After over a year since the outbreak of the COVID-19 pandemic, efforts to address existing and new social security coverage gaps due to extensive labour market disruptions continue to be at the forefront of governments’ agendas to minimize the negative impact of the crisis and protect people’s livelihoods.
Healthcare policies aim to ensure universal coverage for all citizens. Even in countries where the total number of doctors is higher than ever, ensuring access to adequate medical services for all is a challenge. In particular in rural and remote areas “medical deserts” occur. This is a term used to describe regions where the population has inadequate access to healthcare. The situation persists despite the rollout of incentives and measures implemented in underserved regions.
Health systems across the world are under severe pressure to contain and mitigate the infection rate of COVID-19. The pandemic is revealing serious vulnerabilities and gaps in the health systems of many countries. These are impacting the capacities to control the pandemic, stabilize health conditions and restore economic activity. The need for strategies and solutions to support social security institutions in facing these challenges is fundamental to ensure the right to health for all.
The COVID-19 outbreak has disrupted world economies and social security systems for over a year now. This article focuses on measures taken to secure the livelihoods of those whose employment relationship was cut.
The COVID-19 pandemic has underlined the importance of safety, health and well-being, and the role that social security institutions play to support their beneficiaries in navigating through the pandemic. By promoting a prevention culture, governments, workers, employers and social security institutions contribute to building a safer, healthier and more productive working environment. A healthy workforce also contributes to the sustainability of social security systems.
Error, Evasion and Fraud in Social Security Systems
Contribution Collection and Compliance
Information and Communication Technology
Social security evasion and fraud issues have high social and economic cost, create imbalances in social security accounts and ultimately lead to economic distortions that are not favourable to the functioning and competitiveness of the national economy. They also have a political impact because they undermine the reputation of the institutions that administer the social security programmes. It is estimated that evasion and fraud cause a 3 to 5 per cent income shortfall in social security systems and amount to up to 2 per cent of the gross domestic product of OECD countries (RAND Europe, 2014). These figures are likely to be higher in countries with less formal economies.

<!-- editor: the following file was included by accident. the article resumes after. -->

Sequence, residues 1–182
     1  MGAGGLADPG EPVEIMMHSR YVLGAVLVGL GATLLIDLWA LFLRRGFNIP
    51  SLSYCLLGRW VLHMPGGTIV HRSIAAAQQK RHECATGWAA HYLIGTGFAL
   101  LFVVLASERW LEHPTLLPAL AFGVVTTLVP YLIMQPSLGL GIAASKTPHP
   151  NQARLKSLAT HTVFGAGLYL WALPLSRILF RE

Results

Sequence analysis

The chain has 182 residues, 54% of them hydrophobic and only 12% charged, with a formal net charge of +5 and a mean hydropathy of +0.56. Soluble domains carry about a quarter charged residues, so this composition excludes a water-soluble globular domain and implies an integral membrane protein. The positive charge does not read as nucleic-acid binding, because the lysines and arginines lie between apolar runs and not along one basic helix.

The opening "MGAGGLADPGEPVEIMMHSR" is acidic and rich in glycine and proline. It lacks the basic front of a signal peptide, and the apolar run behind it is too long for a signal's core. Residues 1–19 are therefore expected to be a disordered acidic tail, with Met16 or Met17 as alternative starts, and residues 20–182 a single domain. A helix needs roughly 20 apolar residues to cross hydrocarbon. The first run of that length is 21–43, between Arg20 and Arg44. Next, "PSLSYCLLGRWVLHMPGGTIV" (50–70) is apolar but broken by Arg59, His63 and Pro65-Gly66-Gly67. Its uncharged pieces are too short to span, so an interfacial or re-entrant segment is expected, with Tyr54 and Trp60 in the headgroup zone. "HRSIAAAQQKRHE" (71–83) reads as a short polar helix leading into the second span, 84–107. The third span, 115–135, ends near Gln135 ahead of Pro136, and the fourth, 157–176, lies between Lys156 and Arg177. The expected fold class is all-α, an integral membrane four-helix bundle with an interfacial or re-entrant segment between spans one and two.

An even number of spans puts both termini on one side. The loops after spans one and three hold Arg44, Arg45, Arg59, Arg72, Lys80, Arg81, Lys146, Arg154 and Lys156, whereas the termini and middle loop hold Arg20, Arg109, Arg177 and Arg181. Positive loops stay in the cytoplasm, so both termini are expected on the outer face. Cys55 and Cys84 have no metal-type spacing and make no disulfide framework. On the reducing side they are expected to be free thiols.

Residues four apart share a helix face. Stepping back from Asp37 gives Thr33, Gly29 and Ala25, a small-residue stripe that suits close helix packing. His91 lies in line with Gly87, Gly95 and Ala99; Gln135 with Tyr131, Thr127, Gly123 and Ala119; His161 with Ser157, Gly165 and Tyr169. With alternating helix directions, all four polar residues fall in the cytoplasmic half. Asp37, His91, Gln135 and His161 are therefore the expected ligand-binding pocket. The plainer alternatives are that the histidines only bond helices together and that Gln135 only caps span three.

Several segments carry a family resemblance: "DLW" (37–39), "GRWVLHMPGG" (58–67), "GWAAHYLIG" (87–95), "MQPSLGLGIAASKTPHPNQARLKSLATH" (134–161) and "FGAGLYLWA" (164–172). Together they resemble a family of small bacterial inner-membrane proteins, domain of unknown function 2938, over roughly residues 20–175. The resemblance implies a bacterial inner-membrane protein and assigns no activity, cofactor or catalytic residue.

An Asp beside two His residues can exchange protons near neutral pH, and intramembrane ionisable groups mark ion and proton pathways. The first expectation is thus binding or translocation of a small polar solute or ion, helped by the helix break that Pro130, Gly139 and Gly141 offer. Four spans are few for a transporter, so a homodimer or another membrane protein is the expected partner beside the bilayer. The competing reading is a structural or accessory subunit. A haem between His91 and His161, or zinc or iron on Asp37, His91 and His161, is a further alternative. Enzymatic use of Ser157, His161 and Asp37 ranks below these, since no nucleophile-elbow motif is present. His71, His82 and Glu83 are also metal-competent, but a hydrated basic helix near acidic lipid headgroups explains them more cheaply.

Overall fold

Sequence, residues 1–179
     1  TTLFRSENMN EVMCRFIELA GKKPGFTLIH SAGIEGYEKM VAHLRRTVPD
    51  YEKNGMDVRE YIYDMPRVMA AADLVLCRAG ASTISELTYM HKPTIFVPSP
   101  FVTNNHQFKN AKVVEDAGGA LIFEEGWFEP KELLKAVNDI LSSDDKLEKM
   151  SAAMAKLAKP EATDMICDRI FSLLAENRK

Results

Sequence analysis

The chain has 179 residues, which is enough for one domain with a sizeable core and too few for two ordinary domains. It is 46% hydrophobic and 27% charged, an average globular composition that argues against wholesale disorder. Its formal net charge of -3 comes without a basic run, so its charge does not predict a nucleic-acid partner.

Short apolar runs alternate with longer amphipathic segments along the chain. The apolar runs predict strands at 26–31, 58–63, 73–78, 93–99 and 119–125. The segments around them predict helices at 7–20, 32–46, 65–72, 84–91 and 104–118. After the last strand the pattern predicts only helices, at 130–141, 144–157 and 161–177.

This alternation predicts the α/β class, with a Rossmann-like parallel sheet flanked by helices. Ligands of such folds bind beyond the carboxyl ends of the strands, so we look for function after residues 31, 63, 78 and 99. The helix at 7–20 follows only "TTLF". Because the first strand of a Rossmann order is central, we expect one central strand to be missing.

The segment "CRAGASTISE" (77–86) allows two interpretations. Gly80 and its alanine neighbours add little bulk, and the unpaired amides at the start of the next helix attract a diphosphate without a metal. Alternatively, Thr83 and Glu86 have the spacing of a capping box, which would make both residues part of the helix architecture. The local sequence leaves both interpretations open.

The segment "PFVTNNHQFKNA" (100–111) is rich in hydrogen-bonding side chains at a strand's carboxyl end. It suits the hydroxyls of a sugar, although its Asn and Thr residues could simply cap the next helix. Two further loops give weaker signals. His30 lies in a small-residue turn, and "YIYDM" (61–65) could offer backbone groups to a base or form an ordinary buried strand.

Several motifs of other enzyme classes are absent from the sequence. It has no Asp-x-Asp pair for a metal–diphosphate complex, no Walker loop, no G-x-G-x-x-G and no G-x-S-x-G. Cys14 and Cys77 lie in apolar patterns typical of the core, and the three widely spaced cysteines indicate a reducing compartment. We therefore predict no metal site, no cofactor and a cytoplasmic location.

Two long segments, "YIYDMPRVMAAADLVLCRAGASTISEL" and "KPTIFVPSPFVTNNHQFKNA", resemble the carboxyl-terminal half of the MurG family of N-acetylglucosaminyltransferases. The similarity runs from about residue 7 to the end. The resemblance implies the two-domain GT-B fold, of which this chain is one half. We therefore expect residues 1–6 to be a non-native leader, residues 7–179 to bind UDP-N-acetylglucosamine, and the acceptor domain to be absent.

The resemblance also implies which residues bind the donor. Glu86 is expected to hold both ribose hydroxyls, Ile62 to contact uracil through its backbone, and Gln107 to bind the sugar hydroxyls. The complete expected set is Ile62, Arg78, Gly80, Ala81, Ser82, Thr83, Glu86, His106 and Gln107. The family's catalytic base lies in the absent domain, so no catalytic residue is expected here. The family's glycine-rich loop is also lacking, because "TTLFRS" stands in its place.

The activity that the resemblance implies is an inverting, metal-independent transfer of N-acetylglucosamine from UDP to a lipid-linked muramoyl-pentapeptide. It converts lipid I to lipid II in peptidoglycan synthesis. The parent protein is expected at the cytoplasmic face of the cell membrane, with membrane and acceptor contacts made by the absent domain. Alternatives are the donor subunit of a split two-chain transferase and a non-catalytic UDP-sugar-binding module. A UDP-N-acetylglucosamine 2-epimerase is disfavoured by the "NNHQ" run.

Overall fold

Non-contributory pensions, also known as social pensions, are an important component of rights-based universal social protection systems. They allow extending pension coverage relatively rapidly to elderly persons who are not covered by contributory schemes. Usually financed by general revenues and providing relatively modest benefits, eligibility for social pensions is often conditional on low income or certain other criteria.
No one could have imagined nor anticipated the global disruptions that happened in 2020. For many social security institutions, the severe health risks and safety protocols of the pandemic required a seismic shift of operations to digital technologies. In one fell swoop, teleworking, online platforms and mobile apps replaced the face-to-face, paper-based transactions of social security. The blending of human insight with digital technologies is the ace in the sleeve of every chief executive officer (CEO). Through an astute blending of human-and-digital solutions, social security continues to deliver on its mandate by ably navigating the first and succeeding waves of the pandemic.
The closure of childcare centres and schools resulting from the COVID-19 lockdown measures has imposed a heavy strain on families, both on the children and their parents, and especially the mothers. The pandemic exposed yet again the preponderance of women in childcare and housework, raising once more the serious challenges of gender equality, women’s rights to social security as well as their financial security and overall well-being (Doucet, Mathieu and McKay 2020, p. 277).
Social protection systems have been one of the most effective instruments to mitigate the social, economic and health impact of the COVID-19 crisis. Governments worldwide moved swiftly to extend and adapt existing schemes and create new benefits to protect employment, prevent poverty and facilitate health-related restrictions. Social security institutions innovated to respond rapidly to the demands from governments and the public, and delivered existing and new benefits in an unprecedented and difficult context.